From Thanksgiving turkey to New Year’s champagne, the holidays are full of delicious indulgences, favorite foods, and a busy social life, which are all fun and games until the gut health issues and digestive drama kicks in. There’s a reason that “holiday belly” is a thing and our digestive symptoms either worsen or resurface when the season starts. Maybe you even expect a constant stomachache from now until January or stock up on digestive enzymes and anti-gas pills this time of year (if you ask me, the real Grinch is painful bloat and constipation).
The good news is that gut issues don’t have to be a given with the holiday season like the ugly sweater your mom will make you wear or the embarrassing cards she’ll send to relatives. Gut issues are typically due to specific problems and routine changes that come around this time of year, which means they are manageable. Because I’m personally over the digestive drama, I asked experts how to keep my gut health in check without giving up my favorite foods and traditions. Here’s what they said.
What makes gut health worse during the holidays?
Lack of routine
Turns out, your gut might not be as spontaneous as you are. Packed schedules, holiday travel, and a totally abnormal diet are all factors that can affect gut health. “The gut thrives in routine, especially when it comes to sleep, exercise, and meals,” explained Erin Judge, RDN, a registered dietitian nutritionist, gut health expert, and founder of Gutivate. “The holiday season throws off routines, thanks to travel, busy schedules, and shorter days. This can confuse the gut and lead to digestive symptoms, especially changes in bowel motility.” Just like your sleep cycle and menstruation cycle, your gut works best when it’s on a cycle too. When you’re eating at unfamiliar times (like late at night) or your body is going through general routine changes (like changing time zones), your gut might be affected.
“When we’re changing time zones or even just out of normal routine, our internal rhythms are disrupted, often causing the metabolism to be less effective,” agreed William Siff, a licensed acupuncturist, clinical herbalist, ethnobotanist, and health educator who founded Goldthread Tonics. “Weaker digestive fire leads to slower digestion, which will cause gas, bloating, inflammation, and more.” It’s not just about what you eat during the holidays that wrecks havoc on your gut (but more on that below)—lack of consistency in all areas of your life can lead to weakened digestion and a confused gut.
If you think your packed schedule, growing shopping lists, and family turmoil only affects your sanity, think again. Stress levels are a huge factor in gut health because the gut and brain are connected (via the gut-brain axis). “The gut and the brain communicate, so stress can cause us to clench muscle groups and hold tension in our abdomen, which can affect digestion,” explained Willow Jarosh, MS, RD, a dietician nutritionist and expert for Health-Ade. “Stress can also lead to changes in movement in the gut, and stress-related gut symptoms can vary (like constipation, diarrhea, gas, bloating, cramping, etc.).”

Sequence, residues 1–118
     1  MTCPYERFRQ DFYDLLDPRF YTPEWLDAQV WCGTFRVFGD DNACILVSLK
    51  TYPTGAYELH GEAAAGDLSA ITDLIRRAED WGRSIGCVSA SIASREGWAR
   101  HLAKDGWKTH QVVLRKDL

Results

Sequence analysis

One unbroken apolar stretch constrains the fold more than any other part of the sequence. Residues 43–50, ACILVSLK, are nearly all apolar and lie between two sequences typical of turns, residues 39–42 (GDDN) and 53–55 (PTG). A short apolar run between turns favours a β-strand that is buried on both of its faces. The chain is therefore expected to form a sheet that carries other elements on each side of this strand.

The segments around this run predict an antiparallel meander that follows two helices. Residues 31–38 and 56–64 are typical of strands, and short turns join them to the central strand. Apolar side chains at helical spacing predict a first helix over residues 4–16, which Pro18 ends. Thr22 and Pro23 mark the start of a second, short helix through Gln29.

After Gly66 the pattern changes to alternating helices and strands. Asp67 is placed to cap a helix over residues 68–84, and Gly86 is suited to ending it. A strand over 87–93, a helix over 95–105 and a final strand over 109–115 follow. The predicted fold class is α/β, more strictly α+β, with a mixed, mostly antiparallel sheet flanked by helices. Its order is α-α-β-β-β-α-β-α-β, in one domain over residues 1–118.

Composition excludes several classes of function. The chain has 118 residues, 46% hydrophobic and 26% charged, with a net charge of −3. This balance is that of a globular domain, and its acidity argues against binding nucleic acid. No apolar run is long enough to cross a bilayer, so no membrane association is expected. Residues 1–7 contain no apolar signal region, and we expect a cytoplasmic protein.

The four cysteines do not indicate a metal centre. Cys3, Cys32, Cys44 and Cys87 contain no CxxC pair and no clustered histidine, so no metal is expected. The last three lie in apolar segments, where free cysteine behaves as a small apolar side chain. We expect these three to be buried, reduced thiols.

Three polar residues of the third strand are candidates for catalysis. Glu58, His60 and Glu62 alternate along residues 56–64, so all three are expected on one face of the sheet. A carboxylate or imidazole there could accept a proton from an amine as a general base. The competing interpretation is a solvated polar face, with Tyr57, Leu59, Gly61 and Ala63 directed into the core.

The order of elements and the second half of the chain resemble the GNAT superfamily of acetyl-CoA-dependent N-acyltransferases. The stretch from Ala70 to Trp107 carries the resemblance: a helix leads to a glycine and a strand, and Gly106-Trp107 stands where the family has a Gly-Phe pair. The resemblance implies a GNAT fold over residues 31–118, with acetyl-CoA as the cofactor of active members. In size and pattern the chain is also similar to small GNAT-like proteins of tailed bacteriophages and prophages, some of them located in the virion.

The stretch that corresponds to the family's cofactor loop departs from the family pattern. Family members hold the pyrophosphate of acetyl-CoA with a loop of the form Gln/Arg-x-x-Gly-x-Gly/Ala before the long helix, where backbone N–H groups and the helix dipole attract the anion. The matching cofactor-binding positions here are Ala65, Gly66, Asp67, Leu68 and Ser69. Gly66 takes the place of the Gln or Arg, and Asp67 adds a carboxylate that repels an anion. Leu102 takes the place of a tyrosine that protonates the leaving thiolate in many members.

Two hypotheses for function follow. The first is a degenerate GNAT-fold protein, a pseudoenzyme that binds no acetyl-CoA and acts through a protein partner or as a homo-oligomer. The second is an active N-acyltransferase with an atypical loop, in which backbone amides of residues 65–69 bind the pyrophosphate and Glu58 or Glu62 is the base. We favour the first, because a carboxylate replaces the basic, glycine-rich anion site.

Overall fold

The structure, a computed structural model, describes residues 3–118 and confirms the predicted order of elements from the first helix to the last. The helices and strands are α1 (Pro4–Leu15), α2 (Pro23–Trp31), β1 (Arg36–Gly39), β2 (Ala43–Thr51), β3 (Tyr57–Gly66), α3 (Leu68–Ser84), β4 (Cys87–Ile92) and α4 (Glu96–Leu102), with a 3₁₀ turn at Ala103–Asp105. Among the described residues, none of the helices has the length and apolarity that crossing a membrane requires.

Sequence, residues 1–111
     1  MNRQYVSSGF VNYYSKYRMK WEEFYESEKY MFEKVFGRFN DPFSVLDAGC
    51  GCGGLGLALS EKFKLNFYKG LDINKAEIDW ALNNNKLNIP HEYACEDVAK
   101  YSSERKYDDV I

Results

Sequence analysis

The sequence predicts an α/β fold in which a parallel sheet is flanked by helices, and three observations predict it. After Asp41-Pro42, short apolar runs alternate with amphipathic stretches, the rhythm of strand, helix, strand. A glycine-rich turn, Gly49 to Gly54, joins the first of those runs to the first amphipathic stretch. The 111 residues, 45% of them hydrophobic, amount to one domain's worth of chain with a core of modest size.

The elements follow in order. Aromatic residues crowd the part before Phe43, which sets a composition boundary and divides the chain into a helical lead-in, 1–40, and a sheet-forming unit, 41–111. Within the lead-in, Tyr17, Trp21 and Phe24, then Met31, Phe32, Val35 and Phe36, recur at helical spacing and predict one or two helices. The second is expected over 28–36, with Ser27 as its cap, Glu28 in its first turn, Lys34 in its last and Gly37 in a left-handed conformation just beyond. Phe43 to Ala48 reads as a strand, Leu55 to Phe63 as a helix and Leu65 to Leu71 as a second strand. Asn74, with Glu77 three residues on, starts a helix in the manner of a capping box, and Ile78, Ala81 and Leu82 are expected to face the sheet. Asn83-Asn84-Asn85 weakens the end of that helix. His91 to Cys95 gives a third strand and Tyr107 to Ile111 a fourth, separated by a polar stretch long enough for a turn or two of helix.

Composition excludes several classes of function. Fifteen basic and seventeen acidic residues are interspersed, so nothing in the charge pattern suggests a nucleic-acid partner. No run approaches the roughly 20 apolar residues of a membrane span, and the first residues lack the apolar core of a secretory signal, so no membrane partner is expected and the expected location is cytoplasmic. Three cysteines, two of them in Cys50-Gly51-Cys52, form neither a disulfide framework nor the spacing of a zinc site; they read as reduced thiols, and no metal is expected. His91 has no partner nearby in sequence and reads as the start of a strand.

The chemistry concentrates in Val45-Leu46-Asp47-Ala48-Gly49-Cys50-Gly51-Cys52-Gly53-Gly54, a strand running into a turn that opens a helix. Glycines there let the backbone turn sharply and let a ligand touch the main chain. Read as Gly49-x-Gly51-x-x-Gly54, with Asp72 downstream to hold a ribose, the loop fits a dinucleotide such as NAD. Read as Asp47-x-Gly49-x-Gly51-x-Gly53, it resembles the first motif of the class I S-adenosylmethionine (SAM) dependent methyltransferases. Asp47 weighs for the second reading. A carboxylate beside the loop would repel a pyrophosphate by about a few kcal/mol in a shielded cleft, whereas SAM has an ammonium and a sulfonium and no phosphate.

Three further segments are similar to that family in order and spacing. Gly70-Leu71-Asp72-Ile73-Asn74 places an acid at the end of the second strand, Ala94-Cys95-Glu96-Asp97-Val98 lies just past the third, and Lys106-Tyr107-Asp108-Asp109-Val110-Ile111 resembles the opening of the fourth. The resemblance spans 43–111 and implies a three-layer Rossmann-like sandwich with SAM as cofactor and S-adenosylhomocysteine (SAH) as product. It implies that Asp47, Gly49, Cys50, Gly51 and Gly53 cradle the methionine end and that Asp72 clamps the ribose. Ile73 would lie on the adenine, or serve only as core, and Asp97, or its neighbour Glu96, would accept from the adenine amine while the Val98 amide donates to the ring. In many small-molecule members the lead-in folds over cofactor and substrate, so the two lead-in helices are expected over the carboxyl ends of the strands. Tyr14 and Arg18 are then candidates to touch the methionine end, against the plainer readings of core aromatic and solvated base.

“The stress of the holiday season can increase cortisol levels, which sends the body into the sympathetic nervous system state,” Judge agreed. “During this state, the digestive system also goes into a state of stress, which can lead to changes in bowel motility and bloating.” Stress can affect gut symptoms by changing the chemical messages passed along on the gut-brain axis and also because we often hold tension in our abdominal muscles, which tenses the gut, causing cramping, gas, constipation, or irregular bowel movements. “Tension forms in the gut area when we’re feeling stressed, and these tight muscles in our diaphragm make digestion harder,” Siff explained. Bottom line: Stress is not just something you know you should improve eventually—it deserves to be the #1 priority when taking care of your health.
No surprise here: Those sugar cookies, spoonfuls of gravy, and glasses of holiday punch are not your gut’s BFFs. “Holiday foods are higher in sugar and fats that slow down the gut due to malabsorption and are lower in fiber that helps regulate the gut and improve the health of gut microbes, leading to bloating and discomfort,” Judge explained. Your favorite holiday foods from a cup of eggnog to cornbread casserole are often less nutritious because of the high sugar content (who can say “no” to gingerbread?) and contain less fiber, which is an essential nutrient to keep the gut healthy and keep you regular.
So while our holiday diets typically have less fiber that feeds the good bacteria, the increased amount of sugar is feeding the bad bacteria. “We likely eat more sugar this time of year, which can imbalance the gut microbiome and allow the bad bacteria to grow,” Siff said. However, the answer is not to avoid all of your favorite foods for fear of a gut flare-up. In the end, a rich meal or a sugary cookie here and there is not going to majorly affect your gut (and the body is meant to detox all on its own), but changing your diet and eating less crucial nutrients over a period of time can cause uncomfortable gut symptoms.